An ancient coin in a fountain at a local Chinese restaurant is the culprit and it’s cursed, spelling doom for this town. The wishes turn bad and everything begins to unravel. Dean pukes his guts up over the ecoli-laced sandwich, invisible pervert kid gets hit by the Impala because Dean didn’t see him, mega strong kid goes on a ‘roid rage of destruction, and the guy who started it all has a mindless robot for a hot girlfriend that smothers him with obedience.
This madcap adventure uncovered some brokenness in the Winchester brothers as well. One stunning moment comes from Sam, who’s challenged by Dean to make his own wish at the well. Dean reminds him he could go back to the way life was before this all started, back to law school and the white picket fence. Sam refuses, wisely mentioning that he’s not that person anymore and they can’t go back to their old lives. He does tell his true wish though, and it’s cold and chilling. “Lilith’s head on a plate. Bloody.” Whoa.
Sam’s changed outlook from a chance at a safe and normal life to revenge is eerily similar to John Winchester’s, who couldn’t have a normal life without Mary. There are many out there that have questioned whether Sam’s character is really turning dark and if that little statement doesn’t confirm how much he is, then he really is all about lollipops and candy canes.
Dean’s issues aren’t any prettier. First, he and Sam get stuck in an Office Space Chotchkie’s hell, complete with irritating waiter and his obnoxious flair. Yep, written by Ben Edlund, whose pokes at pop culture are always in your face. Dean slams multiple shots, but cut him some slack because I would do the same thing with a waiter like that let alone the Hell thing hanging over my head. Later, Dean awakes from a nightmare and chugs more whiskey, skirting Sam’s questions about the bad dreams and increased drinking. I find it interesting since this week I pulled out my season one DVDs and saw the same scene only reversed in “Bloody Mary.” They’re definitely brothers.
Also suffering is the loser who put the coin into the well and started the spell, Wes, but he refuses to see the harm even when Sam and Dean show him proof of its curse. When Wes asks Sam “Why can’t we just get what we want?” and Sam bluntly replies “Because that’s life Wes,” my heart crumbles. I’m not sure why, probably because both men are so miserable and nothing here will change that. The chemistry between Ted Raimi and Jared Padalecki in this scene is awesome.
Wes sees the writing on the wall though as the girl he wished “would love him more than anything”, Hope, does so yet becomes fearful over not pleasing him, loves him more than life and more than herself. After seeing Sam struck down in front of him, Wes discovers that Hope wants him so bad that she wished for Sam’s death to save their love. He tenderly kisses her and takes the coin out of the fountain to fix what he did to her. When she doesn’t remember who he is and leaves, my heart couldn’t help be crushed for the poor guy.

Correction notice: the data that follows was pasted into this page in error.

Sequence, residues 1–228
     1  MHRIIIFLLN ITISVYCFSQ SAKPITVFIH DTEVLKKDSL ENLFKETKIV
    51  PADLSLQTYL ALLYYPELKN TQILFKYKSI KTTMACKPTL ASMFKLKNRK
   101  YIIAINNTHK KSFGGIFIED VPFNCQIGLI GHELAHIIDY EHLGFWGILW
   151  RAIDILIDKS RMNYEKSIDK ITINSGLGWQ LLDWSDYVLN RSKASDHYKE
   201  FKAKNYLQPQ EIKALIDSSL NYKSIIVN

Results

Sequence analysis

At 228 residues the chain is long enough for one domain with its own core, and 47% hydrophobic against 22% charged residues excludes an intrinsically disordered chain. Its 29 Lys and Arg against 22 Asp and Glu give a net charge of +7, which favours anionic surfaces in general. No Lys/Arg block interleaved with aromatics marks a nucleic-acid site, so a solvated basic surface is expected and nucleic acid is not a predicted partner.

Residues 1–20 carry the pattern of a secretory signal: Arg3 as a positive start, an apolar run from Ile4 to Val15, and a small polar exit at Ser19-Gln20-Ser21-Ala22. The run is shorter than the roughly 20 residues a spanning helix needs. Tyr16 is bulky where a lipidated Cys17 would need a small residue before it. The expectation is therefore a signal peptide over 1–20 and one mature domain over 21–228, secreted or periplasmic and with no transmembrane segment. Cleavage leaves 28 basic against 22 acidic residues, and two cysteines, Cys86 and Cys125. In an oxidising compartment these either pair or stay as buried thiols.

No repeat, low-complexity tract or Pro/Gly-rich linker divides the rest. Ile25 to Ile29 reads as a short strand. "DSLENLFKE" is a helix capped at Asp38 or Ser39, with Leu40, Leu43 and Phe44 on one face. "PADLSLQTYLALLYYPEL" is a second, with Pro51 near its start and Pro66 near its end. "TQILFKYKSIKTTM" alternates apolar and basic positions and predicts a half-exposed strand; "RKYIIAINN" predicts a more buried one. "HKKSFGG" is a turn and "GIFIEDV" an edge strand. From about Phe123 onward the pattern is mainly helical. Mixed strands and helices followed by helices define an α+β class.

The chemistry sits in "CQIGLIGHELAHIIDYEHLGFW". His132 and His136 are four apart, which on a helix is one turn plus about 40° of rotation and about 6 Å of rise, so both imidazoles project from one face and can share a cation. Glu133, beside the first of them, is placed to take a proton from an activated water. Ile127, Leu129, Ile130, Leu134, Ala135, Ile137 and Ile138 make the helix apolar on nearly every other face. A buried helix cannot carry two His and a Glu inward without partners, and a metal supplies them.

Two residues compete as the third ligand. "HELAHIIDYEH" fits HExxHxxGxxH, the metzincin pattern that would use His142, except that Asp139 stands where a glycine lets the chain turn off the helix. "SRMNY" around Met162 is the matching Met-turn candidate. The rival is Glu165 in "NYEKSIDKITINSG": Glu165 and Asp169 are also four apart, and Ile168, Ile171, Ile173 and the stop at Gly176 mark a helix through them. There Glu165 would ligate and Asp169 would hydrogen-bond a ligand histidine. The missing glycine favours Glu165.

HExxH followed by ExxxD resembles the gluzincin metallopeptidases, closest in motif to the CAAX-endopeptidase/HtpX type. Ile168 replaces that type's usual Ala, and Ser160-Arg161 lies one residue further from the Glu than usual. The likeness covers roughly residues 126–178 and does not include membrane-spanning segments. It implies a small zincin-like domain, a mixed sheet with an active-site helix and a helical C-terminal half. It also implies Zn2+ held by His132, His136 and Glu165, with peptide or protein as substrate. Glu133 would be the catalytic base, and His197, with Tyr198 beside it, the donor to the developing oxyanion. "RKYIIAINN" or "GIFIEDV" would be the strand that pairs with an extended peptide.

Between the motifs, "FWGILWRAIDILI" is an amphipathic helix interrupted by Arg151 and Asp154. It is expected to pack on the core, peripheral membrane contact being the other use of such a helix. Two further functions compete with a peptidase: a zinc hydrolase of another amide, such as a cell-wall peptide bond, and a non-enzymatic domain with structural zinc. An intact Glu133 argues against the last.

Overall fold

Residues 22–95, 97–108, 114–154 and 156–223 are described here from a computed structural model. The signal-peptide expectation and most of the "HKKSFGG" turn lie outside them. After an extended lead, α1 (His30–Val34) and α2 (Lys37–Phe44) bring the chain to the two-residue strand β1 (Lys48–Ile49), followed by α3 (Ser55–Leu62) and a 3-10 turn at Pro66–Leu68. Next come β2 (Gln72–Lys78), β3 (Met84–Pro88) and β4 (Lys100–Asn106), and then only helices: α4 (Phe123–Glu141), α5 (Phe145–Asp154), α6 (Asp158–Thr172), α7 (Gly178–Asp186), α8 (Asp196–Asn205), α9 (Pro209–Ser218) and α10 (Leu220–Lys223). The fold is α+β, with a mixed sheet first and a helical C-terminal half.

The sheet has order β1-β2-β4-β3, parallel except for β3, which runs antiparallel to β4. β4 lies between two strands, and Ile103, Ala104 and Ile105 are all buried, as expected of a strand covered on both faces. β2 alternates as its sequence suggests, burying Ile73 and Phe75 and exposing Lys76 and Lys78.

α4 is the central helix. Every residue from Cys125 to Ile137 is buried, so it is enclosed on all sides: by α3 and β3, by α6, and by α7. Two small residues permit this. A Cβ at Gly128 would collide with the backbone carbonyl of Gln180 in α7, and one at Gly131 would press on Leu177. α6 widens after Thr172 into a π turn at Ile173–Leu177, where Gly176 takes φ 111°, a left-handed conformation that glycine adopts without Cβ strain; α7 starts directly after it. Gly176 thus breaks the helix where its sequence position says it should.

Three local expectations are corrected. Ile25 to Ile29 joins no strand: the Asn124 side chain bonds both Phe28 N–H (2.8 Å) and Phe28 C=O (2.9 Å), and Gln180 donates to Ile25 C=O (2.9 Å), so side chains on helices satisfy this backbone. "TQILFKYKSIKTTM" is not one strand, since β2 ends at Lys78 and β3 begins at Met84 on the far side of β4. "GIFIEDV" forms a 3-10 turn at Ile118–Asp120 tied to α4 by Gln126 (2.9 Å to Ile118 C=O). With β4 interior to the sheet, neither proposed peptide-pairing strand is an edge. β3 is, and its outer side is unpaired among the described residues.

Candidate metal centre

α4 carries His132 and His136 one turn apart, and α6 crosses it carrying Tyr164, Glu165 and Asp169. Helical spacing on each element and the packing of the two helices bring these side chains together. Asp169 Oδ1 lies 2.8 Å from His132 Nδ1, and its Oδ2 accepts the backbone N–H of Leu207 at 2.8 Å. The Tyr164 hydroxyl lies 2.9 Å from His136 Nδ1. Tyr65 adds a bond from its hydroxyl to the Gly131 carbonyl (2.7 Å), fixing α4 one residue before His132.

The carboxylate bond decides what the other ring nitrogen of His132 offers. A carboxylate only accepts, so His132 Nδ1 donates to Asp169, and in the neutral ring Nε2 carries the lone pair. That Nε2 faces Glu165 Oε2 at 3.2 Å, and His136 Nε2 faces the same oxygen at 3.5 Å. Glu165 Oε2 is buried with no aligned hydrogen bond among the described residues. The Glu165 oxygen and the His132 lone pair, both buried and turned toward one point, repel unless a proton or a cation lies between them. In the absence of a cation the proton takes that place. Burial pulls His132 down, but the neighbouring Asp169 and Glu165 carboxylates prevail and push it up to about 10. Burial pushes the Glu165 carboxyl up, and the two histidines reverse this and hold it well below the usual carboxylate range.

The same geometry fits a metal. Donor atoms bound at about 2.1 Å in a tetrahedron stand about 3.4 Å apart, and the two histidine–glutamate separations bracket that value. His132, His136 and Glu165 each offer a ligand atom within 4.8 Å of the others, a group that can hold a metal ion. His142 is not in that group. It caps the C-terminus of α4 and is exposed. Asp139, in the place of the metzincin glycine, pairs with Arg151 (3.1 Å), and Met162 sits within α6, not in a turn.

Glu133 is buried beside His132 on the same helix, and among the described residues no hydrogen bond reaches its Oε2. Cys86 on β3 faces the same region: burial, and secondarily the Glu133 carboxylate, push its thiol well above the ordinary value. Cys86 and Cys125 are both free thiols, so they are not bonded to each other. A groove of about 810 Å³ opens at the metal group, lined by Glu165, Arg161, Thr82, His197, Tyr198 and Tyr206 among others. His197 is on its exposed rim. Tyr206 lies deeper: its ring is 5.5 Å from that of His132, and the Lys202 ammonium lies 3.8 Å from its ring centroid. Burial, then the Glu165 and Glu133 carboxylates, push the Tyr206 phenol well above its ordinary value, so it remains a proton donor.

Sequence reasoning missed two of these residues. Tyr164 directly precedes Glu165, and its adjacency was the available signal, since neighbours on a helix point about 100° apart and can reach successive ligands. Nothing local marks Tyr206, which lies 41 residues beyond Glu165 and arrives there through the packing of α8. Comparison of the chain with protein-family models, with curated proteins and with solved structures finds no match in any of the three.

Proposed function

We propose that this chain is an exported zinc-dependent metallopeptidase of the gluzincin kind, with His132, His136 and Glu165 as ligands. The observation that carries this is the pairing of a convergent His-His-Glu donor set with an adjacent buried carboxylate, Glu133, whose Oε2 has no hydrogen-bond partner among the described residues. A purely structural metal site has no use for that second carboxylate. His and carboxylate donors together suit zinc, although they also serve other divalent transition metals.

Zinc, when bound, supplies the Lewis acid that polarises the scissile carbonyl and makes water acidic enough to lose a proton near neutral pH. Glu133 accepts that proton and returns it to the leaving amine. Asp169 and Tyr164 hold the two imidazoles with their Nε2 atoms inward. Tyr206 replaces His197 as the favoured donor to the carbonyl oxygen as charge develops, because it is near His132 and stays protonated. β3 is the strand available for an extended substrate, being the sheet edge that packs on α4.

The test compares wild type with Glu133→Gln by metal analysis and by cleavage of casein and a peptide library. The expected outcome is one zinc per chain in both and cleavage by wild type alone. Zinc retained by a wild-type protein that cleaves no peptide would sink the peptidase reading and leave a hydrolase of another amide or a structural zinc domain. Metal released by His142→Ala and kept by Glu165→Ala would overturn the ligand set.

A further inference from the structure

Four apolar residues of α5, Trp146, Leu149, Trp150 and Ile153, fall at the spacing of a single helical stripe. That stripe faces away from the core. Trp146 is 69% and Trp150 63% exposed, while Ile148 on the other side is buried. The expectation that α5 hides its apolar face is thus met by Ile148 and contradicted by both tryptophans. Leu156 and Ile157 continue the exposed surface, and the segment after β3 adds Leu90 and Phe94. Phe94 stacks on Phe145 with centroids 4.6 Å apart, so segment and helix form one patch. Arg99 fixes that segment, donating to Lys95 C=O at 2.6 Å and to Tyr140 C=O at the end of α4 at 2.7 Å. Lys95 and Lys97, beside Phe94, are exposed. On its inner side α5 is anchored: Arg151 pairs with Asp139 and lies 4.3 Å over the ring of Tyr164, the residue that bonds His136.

The sad exchange at the end between Wes and newly revived Sam was a prime example of how this show can kill you with laughter one second and then deep pity the next. Wes hands Sam the coin, knowing he did the right thing yet gave up his chance at happiness, and poor Sam had to relate. Sam had to turn away the life he always wanted for the greater good, resigned now that he’ll never get it back. He’s not necessarily a better person for it either. Wes learns that same lesson, and it’s tough for Sam to see.
What’s even harder to see is the end, which is a complete shout out to “Children Shouldn’t Play With Dead Things.” After getting one last laugh over Audrey’s solemn parents with sunburned faces and her holding the now normal Teddy Bear with the back of its head blown out and taped shut, Dean tragically confesses to Sam he remembers everything from Hell. He’s clearly traumatized but he refuses talk about it. Talking won’t make it better. Dean tells Sam he would never understand, and he can’t make him understand.
The words from this scene were nothing until Jensen Ackles got hold of them, working his incredible talent to make Dean’s trauma very raw and painful. We are blessed with another week where we can bow to Jensen’s greatness. I found his delivery in this scene ten times more powerful than CSPWDT. Again, I switch from tears of laughter to tears of heartbreak. Damn you show!
That mirrors in eerie ways what Sam said at the end of “Metamorphosis” over his demon blood. Sounds like both Winchesters are carrying heavy burdens inside and don’t want to share. They need a family intervention, now! It’s my theory that Dean gradually began to remember and it all came back to him after Lilith’s confrontation at the end of “Yellow Fever”. So essentially he didn’t lie to Sam in “Lazarus Rising”. This issue is far from done and again I sense it’s a setup for episodes to come.
The Misc Stuff
The working title of Sam’s fake book is Supernatural? Awesome! If anything, that scene made me really hungry for some good Chinese food.
Sam and Dean present strangest covers yet. They’re florists? Nah, Teddy Bear doctors is stranger.
Wes believes that Sam and Dean have it easy because of their good looks. Ha! How many times has Sam been laid in three years? Once as far as we know. Dean spends more time with Sam than hot chicks, so he’s not exactly doing great either, even if he has new found virginity. Besides, they’re better looking when angsty and tortured.
“Kneel before Todd!” A Superman 2 reference! The kid that plays the poor bullied Todd is great, as is the girl that plays Audrey. She took the reality of screwed up teddy bear better than anyone could. It’s great when kids are allowed to shine on this show.
Despite the sad ending, I give this episode the grade of an A. I’m a sucker for dark comedy, and it’s well done here. Next week is the first part of a big sweeps two-parter, “I Know What You Did Last Summer.” I have two clips to share in the next article, along with more fan announcements.